Oda Becker (Physicist) is an independent self-employed scientific consultant for nuclear risks. She is born on July 7th, 1962, and studied physics and education science at the University of Hanover. From 2006 – 2011, Oda Becker had a professorship at the University of Applied Science and Arts, Hanover.
Since 1999, she has participated in several studies of nuclear power plants and storage facilities, among others, analysing the accident scenarios resulting from possible terror attacks. She has knowledge and experience in important aspects of nuclear technology and safety. Her clients include the Austrian Federal Government as well as several non-governmental organisations (NGOs). She has worked in several expert statements about the safety of NPPs in different countries on behalf of the Environment Agency Austria (for example: Dukovany NPP, Czech Republic; Paks NPP, Hungary; Hinkley Point, UK). Recent work includes studies of safety issues at the German and European NPPs (e.g. ageing).
Presentation: Study: Risk of lifetime extensions of old nuclear power plants - technical aspects
Bruno Chareyron is a French Engineer in energetic and nuclear physics with a Master in Particle Physics (1987). Since 1993 he is the director of the CRIIRAD laboratory. This French NGO CRIIRAD, which stands for Commission for Independent Research and Information about RADiation, was founded following Chernobyl disaster in 1986. In his work Chareyron dedicates to an independent radiation monitoring in the environment, to at least improve people’s protection against radiation. Also he is working on the impact of uranium mining on health and the environment. He conducted several international studies and has been involved also in supporting initiatives of citizens in Japan for the independent monitoring of the contamination triggered by Fukushima nuclear accident.
In 2016, Bruno Chareyron received the Nuclear-Free Future Award, category “Education” for “his unwavering commitment exposing nuclear industry disinformation and heightening public understanding in France and around the world”. At the NEC2019 he will give report on the current situation in France, regarding safety deficiencies, control of the given information and its transparency in context to the lifetime extension of nuclear reactors.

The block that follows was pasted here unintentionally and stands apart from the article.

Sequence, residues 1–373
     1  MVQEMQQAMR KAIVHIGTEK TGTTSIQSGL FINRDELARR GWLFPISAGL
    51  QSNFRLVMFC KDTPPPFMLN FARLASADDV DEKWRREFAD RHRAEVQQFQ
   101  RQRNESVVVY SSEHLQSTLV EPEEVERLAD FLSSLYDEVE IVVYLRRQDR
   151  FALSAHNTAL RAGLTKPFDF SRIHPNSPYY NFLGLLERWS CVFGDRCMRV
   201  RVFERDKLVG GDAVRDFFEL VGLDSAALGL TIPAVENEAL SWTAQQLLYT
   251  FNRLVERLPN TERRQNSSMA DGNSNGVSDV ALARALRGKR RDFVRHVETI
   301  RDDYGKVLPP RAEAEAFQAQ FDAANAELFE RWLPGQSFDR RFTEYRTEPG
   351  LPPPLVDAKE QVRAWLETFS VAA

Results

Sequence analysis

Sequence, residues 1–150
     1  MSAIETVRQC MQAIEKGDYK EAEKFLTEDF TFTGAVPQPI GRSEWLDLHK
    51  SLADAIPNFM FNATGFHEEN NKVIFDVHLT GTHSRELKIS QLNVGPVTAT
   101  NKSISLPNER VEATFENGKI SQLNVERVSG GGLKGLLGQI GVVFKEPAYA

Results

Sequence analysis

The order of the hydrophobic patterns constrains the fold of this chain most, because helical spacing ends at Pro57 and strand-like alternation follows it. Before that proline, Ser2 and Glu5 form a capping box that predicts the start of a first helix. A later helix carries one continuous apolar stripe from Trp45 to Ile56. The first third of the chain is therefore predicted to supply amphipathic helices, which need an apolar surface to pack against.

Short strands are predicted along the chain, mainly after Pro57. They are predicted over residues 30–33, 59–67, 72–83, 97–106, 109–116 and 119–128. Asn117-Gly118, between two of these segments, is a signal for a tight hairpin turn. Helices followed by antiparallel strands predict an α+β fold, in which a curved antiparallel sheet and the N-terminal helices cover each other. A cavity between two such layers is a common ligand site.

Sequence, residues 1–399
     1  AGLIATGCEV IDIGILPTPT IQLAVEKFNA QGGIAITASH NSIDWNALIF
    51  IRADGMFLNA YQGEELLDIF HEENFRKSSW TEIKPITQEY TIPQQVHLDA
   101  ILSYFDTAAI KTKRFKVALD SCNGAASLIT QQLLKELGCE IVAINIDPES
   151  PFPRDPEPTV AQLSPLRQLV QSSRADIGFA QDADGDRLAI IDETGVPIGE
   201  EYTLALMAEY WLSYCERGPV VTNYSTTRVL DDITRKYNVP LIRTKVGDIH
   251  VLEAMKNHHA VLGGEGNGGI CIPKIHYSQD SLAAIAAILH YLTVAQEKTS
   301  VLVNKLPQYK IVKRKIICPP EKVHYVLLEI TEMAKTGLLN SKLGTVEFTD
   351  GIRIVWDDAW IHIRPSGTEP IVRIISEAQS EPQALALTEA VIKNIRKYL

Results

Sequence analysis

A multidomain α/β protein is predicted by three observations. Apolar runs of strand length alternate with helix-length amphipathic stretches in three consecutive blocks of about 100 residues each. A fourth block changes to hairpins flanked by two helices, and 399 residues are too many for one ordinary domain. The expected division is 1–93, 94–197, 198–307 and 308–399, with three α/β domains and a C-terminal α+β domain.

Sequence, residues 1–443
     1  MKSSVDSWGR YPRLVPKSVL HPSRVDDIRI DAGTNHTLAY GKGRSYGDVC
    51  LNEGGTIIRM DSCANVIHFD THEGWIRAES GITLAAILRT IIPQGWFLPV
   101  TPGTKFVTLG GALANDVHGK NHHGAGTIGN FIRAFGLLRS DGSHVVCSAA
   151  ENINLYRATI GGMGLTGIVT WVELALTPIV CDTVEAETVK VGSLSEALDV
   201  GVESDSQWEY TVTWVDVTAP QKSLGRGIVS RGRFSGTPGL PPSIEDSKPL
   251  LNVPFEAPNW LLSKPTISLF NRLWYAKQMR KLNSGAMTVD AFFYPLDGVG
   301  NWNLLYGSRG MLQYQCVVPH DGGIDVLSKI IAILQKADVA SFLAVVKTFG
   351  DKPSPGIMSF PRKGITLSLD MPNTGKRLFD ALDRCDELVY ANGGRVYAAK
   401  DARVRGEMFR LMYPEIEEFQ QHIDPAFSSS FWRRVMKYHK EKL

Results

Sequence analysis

Presentation: Situation in individual states (France)
Ulla Klötzer of Finland is a former teacher and politician, and still peace and environmental activist. As the founder and chairwoman of the Finnish Women Against Nuclear Power, she has been persistently fighting the threat and folly of nuclear power plants for years and is media spokesperson, consultant, networker, organizer and initiator of international campaigns – in her decidedly pronuclear home country as well as at EU level.
Presentation: Situation in individual states (Finland)
Dr. József Kóbor holds a PhD in radiation biology and radiation protection and is a physicist in the medical field of oncology and radiotherapy. He acts as radiation protection officer of the University Hospital in Pécs according to the criteria of the Hungarian Atomic Energy Agency (HAEA).Kóbor is also a political scientist (BSc), a member of the City Council of Pécs and is currently running in Hungary on the European list of the Green Party. He also works as a member of the Green Circle (NGO in Pécs), Nuclear Transparency Watch and the BEACON research group as part of the European Joint Project on Radioactive Waste Disposal.
Presentation: Situation in individual states (Hungary)
Patricia Lorenz has been working for the Austrian environmental organization
GLOBAL 2000 since 1993 and as well in Brussels for Friends of the Earth Europe
for almost two decades. The trained translator and interpreter is the author of
several relevant studies. Lorenz' many years of experience include, among other
things, dealing with the possibilities of participation in cross-border
procedures against construction and lifetime extensions of nuclear reactors.
Patricia Lorenz is involved in the ongoing negotiations on the introduction of a mandatory EIA for lifetime extensions of nuclear power plants (PLEX) under the Espoo Convention.
Presentation: Law and legal action: Possible steps against lifetime extensions
The independent Swiss economist Kaspar Müller (1952) (www.kaspar-mueller.ch) dedicates his extensive work to the area of conflict between ethics and business, sustainability and the financial market, ecology and democracy. He is author of numerous studies, lecturer at various universities and technical colleges and chairman of the Advisory Council on Sustainability of the Basler Kantonalbank and Bank Cler. During his active career he was, among others, member of the Accounting Standards Committee Swiss GAAP FER, President of the Ethos Foundation and of the Board of Directors of Ethos Services SA, Geneva.